We’ve seen a few posts recently on Stack Overflow from developers asking whether they should be using Microsoft Graph (graph.microsoft.com) vs Azure AD Graph (graph.windows.net). So we thought we’d provide some guidance, as well as a bit of a roadmap to clarify things, for new and existing developers who require directory-based features. In general, we recommend the use of Microsoft Graph over Azure AD Graph, as Microsoft Graph is where we are investing for Microsoft cloud services.
Roadmap for AAD Graph and Microsoft Graph
First of all, we’ll lay out the roadmap for Microsoft Graph (as it is related to Azure AD Graph functionality). In each of the sections below we’ll also highlight the opportunities and implications for developers.
Two endpoints, different functionality
Currently (as of 10 May, 2017) Microsoft Graph supports most of the directory features that Azure AD Graph supports, but not all. In some cases, Microsoft Graph supports functionality that is not in Azure AD Graph (such as ability to make $select projection queries, open extensions, Office 365 groups and much more).
Even with those gaps, we strongly recommend that developers start using Microsoft Graph over Azure AD Graph, unless those specific gaps prevent you from using Microsoft Graph right now. For a list of the high level gaps, as of 7 April, 2017, please see the end of this blog post for more details.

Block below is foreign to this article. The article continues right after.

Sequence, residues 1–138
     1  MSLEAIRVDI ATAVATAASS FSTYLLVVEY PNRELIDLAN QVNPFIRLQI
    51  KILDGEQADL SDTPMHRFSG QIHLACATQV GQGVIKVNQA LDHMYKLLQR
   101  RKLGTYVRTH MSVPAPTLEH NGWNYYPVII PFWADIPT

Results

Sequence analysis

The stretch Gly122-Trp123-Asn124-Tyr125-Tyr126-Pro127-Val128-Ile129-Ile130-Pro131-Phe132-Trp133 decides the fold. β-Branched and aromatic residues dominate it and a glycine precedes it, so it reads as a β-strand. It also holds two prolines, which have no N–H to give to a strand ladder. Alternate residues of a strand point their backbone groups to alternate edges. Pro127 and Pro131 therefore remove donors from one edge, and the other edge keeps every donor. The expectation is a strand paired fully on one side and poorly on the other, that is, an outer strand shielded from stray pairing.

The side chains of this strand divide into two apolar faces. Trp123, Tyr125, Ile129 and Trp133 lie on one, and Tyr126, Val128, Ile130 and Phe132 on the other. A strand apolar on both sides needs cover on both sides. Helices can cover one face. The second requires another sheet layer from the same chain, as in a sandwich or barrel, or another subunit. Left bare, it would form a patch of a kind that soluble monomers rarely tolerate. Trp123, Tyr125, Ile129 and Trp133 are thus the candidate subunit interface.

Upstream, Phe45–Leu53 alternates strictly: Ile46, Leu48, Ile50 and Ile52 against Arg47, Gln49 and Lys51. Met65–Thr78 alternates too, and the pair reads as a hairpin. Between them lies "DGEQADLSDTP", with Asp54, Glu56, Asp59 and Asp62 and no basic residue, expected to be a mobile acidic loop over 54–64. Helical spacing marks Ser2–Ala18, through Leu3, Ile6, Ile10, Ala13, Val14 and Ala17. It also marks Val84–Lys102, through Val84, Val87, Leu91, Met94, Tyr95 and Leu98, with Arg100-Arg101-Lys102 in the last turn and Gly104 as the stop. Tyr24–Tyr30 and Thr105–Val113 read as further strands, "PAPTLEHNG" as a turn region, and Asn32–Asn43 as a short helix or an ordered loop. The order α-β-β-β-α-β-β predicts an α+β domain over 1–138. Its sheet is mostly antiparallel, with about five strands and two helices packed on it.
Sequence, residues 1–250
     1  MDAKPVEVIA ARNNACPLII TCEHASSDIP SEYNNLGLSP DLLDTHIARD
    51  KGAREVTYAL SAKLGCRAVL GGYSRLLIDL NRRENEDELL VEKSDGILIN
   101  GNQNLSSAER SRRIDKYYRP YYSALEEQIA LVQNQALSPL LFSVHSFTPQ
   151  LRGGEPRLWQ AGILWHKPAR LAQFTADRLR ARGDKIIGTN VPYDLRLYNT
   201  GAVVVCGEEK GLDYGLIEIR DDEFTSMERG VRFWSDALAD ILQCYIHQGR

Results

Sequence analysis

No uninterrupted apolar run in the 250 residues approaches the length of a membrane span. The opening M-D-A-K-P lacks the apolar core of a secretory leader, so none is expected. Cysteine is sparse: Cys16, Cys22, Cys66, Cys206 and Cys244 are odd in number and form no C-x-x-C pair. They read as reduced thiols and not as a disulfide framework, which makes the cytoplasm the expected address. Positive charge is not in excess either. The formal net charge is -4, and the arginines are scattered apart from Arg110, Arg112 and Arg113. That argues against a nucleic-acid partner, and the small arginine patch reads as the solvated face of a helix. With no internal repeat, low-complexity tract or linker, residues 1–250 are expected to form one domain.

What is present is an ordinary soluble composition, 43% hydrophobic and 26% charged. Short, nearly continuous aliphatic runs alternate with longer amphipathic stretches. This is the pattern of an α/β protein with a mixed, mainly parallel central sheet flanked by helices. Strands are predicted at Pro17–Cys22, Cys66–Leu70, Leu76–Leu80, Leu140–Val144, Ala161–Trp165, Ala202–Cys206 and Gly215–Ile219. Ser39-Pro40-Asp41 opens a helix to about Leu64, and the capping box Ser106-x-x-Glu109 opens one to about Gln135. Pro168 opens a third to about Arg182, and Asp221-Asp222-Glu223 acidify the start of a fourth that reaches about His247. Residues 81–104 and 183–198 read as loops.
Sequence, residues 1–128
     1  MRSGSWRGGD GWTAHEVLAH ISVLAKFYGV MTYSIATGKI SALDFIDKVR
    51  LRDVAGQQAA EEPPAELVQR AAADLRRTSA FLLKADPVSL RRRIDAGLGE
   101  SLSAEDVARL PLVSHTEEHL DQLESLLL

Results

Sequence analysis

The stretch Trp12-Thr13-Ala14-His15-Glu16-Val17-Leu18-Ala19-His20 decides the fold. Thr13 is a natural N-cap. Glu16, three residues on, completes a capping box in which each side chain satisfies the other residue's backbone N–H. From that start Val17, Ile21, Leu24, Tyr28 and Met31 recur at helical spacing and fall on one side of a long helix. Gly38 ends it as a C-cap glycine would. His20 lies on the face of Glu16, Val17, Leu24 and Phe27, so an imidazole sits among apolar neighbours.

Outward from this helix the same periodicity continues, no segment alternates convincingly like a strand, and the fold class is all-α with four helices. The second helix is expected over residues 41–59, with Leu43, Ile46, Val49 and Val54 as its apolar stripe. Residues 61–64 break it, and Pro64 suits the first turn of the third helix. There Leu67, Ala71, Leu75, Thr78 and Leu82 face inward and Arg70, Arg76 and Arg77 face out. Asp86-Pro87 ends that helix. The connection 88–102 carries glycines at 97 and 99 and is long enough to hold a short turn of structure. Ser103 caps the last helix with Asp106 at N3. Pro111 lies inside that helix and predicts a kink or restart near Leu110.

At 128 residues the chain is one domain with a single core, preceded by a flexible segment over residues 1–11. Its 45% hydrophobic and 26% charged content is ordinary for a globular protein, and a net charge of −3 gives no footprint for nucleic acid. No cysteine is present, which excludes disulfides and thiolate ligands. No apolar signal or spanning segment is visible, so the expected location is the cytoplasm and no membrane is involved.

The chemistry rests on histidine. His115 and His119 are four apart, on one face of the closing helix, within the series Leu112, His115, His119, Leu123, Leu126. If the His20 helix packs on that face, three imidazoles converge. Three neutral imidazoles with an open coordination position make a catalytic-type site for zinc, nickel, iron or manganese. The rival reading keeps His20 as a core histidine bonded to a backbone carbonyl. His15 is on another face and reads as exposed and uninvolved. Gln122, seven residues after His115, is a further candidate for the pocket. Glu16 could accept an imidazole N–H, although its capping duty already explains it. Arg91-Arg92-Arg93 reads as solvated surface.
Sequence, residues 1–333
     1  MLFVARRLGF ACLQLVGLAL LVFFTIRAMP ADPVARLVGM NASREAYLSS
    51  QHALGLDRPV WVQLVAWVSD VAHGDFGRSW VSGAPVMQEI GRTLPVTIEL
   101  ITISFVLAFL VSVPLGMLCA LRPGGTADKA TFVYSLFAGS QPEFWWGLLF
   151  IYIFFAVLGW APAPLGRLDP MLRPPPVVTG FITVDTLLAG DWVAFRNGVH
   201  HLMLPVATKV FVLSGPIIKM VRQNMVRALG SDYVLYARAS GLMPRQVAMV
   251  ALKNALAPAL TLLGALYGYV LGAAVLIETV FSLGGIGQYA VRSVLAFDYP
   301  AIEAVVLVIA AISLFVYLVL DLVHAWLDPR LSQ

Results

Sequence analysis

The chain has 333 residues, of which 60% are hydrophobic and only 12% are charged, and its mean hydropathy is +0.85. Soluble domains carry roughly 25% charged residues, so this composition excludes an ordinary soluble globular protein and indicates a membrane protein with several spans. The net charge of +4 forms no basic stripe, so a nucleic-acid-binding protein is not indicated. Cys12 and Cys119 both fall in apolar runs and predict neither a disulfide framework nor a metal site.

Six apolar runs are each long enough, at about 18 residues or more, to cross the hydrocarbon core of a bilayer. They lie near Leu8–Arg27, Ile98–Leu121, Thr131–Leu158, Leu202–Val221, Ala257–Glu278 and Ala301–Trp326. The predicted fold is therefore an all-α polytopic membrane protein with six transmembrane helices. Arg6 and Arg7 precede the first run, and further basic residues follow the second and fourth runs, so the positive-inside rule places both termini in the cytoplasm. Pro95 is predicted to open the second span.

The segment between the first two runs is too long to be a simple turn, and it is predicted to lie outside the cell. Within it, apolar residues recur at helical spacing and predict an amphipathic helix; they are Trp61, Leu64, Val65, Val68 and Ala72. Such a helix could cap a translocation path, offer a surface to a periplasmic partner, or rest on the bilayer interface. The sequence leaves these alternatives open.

Microsoft Graph closing the gap with Azure AD Graph
The Microsoft Graph team is working hard to close the gap between Microsoft Graph and Azure AD Graph functionality, making it easier for developers to choose Microsoft Graph. We will also start to introduce newer directory features on Microsoft Graph (and in some cases only on Microsoft Graph). You’ll start to see the gap closure and new features over the coming months. Please monitor both http://dev.office.com/blogs and the Microsoft Graph changelog to see this happen real-time so to speak!
Microsoft Graph supports all functionality exposed by Azure AD Graph
At some point in the near future (we hope within 6 months) Microsoft Graph will support all functionality that Azure AD Graph offers to access directory data (and more). At this point developers building new apps (or integrating an existing app with Microsoft cloud services) will be directed to use Microsoft Graph in favor of Azure AD Graph. For newly registered apps we may prevent the app from calling Azure AD Graph.
NOTE: For existing applications that already use Azure AD Graph, nothing changes and it’s business as usual. The Azure AD Graph GA endpoint will remain fully available for all applications including production applications. We will continue to closely monitor this API, fix service issues and strive to continue to provide 99.99% service availability.
For developers with existing apps that call Azure AD Graph, we will provide guidance for those who want to switch their apps over to Microsoft Graph (from Azure AD Graph). Additionally, we’ll do it in such a way that existing users for your applications won’t need to re-consent to your application to access directory data through Microsoft Graph.